The 504 loan is a co-lending program between private sector lenders and a CDC, making it a good fit for more mature businesses looking to purchase commercial real estate or add new employees. The loan offers financing for up to 90 percent of the loan to value amount and provides the best value beating the rates any bank can offer alone. The 504 is backed by a 100 percent debenture. Generally, one job must be created or retained for every $50,000 in SBA funding. There is an exception for small manufacturing businesses that must create or retain one job for every $100,000 in SBA funding received. The 504 also includes an option for meeting public policy goals. If a small business sets one of six public policy goals which include:
Business district revitalization expansion of exports
Expansion of minority business development rural development
Increasing productivity and competitiveness
Expansion of minority business development
Restructuring because of federally mandated standards or policies
Changes necessitated by federal budget cutbacks, or
Expansion of small business concerns owned and controlled by a veteran; the SBA debenture is increased to $2,000,000.
- Low down payment
- Below market fixed interest rates
- Long-term financing
- Loan fees can also be finances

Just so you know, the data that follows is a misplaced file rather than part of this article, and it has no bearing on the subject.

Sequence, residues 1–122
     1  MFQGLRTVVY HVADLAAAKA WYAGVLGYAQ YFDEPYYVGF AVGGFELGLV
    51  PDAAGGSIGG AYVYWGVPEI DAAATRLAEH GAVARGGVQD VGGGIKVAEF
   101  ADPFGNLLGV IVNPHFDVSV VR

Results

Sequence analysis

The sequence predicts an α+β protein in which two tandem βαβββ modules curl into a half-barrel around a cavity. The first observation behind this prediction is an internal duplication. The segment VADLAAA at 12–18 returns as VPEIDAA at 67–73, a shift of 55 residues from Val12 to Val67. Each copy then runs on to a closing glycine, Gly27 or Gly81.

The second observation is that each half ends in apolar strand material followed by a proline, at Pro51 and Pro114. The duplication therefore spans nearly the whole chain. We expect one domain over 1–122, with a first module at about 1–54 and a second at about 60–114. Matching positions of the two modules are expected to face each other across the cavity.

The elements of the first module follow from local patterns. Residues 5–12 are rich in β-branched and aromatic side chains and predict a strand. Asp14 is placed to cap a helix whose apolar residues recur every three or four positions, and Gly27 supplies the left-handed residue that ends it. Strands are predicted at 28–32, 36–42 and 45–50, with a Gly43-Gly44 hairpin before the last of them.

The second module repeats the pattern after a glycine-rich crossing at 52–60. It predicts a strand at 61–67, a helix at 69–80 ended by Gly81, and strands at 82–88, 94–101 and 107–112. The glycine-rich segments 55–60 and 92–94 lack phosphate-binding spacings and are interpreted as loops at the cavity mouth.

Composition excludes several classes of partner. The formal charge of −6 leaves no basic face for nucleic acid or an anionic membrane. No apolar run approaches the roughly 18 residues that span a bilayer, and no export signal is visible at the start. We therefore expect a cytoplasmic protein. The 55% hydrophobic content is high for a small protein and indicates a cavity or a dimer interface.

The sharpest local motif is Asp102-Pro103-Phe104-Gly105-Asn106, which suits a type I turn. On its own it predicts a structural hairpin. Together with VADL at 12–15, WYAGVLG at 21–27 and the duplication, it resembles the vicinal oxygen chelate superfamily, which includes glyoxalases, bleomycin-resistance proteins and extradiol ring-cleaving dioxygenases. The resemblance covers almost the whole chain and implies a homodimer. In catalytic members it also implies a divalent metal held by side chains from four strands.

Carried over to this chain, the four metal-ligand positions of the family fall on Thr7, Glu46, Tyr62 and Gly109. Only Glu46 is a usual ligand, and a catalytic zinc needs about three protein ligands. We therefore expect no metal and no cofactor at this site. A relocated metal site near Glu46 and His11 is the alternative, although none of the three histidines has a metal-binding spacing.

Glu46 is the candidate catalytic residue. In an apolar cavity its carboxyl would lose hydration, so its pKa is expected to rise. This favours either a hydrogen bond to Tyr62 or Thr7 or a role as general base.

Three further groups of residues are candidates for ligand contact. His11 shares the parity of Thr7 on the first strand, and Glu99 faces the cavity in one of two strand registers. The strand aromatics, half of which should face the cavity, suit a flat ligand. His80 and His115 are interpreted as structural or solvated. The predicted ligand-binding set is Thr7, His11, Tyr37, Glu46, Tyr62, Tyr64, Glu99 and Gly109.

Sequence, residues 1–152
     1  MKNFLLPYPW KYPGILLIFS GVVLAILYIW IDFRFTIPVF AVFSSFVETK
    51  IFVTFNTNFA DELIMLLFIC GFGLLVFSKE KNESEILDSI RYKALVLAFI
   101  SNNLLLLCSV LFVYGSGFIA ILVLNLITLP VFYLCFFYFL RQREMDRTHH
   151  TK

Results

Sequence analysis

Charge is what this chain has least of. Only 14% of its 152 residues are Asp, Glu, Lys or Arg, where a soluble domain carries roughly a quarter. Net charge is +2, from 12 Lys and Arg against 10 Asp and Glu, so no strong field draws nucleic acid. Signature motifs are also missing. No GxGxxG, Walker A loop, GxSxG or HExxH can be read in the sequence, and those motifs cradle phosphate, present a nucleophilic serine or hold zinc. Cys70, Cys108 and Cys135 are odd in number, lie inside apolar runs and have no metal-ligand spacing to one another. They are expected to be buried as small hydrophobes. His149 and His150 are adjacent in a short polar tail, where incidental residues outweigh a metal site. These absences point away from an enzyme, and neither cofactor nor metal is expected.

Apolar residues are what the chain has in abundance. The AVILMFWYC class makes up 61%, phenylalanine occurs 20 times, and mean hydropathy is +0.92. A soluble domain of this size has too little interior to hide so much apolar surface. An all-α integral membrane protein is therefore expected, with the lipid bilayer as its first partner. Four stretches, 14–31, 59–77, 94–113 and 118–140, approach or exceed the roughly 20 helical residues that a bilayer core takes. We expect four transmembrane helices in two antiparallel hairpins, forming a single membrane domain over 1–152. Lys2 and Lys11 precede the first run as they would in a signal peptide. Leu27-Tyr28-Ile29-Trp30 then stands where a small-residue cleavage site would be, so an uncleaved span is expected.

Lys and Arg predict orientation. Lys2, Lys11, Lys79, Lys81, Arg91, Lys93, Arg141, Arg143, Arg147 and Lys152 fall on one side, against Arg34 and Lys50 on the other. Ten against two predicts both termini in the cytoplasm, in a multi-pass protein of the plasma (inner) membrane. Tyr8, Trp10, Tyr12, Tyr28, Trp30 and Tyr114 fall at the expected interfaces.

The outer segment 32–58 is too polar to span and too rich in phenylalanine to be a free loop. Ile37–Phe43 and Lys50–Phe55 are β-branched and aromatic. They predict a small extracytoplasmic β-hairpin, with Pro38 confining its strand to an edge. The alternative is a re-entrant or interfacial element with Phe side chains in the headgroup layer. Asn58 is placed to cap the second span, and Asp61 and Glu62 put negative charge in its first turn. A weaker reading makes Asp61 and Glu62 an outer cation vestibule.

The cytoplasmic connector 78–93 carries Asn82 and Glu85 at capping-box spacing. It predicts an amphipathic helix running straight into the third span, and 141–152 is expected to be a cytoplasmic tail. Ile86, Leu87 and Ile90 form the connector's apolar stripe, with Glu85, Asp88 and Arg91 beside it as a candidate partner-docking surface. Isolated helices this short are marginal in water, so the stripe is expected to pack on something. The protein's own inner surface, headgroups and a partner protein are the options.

- Loan is assumable
Hurn also offers advice for small businesses that are seeking funding.
- Ask for terms from vendors. There are always better options when it comes to negotiating payment terms with your vendors. If you haven’t had a conversation with your top vendors about terms, now is a great time to sit down and work out options that will free some of your cash for longer time horizons.
- Preserve cash. Above all else, if your business is in a cash flow crunch, stop spending! Of course there always certain expenses that must be carried, but try to restrict unnecessary spending and reduce inventory purchases to only what will quickly move off of the sales floor.
- Prepare for your bank meeting. It’s critical to have a plan for how you will use the cash influx (loan). Banks, including community lenders will want a full explanation of every part of how the loan will be utilized. Have a full business plan in hand, your profit and loss statements, and a complete set of books for their review. “Practice your pitch before you walk into the bank,” advises Hurn. There’s little time once you’re in the meeting to waste it fumbling for answers and trying to grasp the words to describe your plan. Write down your sales pitch, practice it and then hold a mock bank interview in order to work out your responses in a concise and timely manner. All of these little details will add up to a great impression on your community banker and increased odds that you’ll be approved for the loan.
If you think that an SBA loan would benefit your small business’ plans for growth, talk with a Fiducial Advisor about how you can work together to provide your community lender with solid financial picture of your business’ health. A Fiducial Advisor can be found by calling 866-FIDUCIA